Your sleep has been a pretty big challenge lately, in fact. Not just your naps, but your nighttime sleep, and more specifically your morning sleep, has been patchy. There have been mornings when you've gotten up two solid hours before our alarm goes off, and since you are now tall enough to turn on your light - yep, you are now THREE FEET TALL - once you're up, you're up. And that means at least one of your bitter and exhausted parents needs to get up with you, not only to prevent you from destroying your room, but also because you start knocking on your door so we will come let you out. A few times you've been unhappy to wake, and have asked to come snuggle in the big bed, but this never works out. Your definition of snuggling involves a lot more kicking and talking and a lot less lying still and sleeping than I am strictly comfortable with, unfortunately.
Anyway, as mentioned above, your naps have also been absent. Last week you even missed a nap AT DENISE'S HOUSE, which never happens! The next two days you were home with me, and you didn't nap on those days either. But on Sunday, as I once again pretended to be optimistic and put you through your pre-nap routine, inspiration struck. When you told me, again, that you wanted to sleep in Mama's bed, I spun a fantastic tale about the magical ballerina princess who had visited Mama and Dada before Gwen was born, and how she had given baby Gwen this wonderful, magical bed that would always give her good dreams and help her have such wonderful sleep. As I told this story, you settled back down into your bed, pulled the covers around yourself, and started to relax. As I finished, you told me in your very emphatic voice, "That was a GOOD story, Mama! I really like that story!" I promised that I would tell it to you every single day if you wanted. And then I walked out of your room. AND THEN YOU FELL ASLEEP for the first nap in FOUR DAYS.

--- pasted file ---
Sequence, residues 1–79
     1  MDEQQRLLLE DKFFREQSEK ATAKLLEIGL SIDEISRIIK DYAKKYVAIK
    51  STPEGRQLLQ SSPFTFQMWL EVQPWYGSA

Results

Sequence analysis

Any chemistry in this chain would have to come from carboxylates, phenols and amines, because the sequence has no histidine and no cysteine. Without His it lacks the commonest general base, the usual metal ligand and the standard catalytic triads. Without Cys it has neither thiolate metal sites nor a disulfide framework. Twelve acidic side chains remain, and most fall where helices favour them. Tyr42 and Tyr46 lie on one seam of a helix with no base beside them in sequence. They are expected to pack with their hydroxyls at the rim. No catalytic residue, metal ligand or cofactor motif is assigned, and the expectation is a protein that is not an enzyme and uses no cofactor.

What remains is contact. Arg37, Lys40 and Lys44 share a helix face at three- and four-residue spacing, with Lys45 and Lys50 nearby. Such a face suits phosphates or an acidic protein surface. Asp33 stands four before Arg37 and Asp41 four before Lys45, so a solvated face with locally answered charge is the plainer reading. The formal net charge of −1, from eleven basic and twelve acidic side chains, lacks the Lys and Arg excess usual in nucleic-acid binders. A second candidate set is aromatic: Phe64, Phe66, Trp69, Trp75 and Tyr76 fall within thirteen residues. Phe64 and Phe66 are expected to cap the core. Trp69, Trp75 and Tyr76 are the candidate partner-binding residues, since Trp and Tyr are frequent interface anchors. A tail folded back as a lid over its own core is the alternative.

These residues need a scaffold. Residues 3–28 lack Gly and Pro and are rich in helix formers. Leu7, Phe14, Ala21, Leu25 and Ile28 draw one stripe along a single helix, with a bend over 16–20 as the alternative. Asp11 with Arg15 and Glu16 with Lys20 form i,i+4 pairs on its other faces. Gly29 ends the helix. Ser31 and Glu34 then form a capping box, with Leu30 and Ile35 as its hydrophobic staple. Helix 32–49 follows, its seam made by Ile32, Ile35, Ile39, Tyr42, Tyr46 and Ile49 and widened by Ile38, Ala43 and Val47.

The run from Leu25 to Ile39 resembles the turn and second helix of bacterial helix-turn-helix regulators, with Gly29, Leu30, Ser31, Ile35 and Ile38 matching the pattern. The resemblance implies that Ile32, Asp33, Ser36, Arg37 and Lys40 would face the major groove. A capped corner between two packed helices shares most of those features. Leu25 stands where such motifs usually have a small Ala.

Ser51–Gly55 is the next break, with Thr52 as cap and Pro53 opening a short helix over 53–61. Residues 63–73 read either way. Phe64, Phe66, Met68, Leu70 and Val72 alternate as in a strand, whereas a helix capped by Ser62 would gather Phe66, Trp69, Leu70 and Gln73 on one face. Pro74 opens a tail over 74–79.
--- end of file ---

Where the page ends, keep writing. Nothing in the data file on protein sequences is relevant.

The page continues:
And lo, my ability to lie to my child suddenly became the stuff of legend.
As you can see from the picture above, you continue to be incredibly physically active. You can climb very quickly and very well - you inspire me to be both shocked and proud of your skills. You are pretty much unstoppable and are also very aware of what your limitations are: when you see a playground structure that is beyond you, you say, "Nope, that too big. I try someping else." I have to remember to stand back and let you judge things for yourself, as there have been many instances where you have climbed up and/or scrambled across structures that I didn't think you were capable of mastering. You truly amaze me.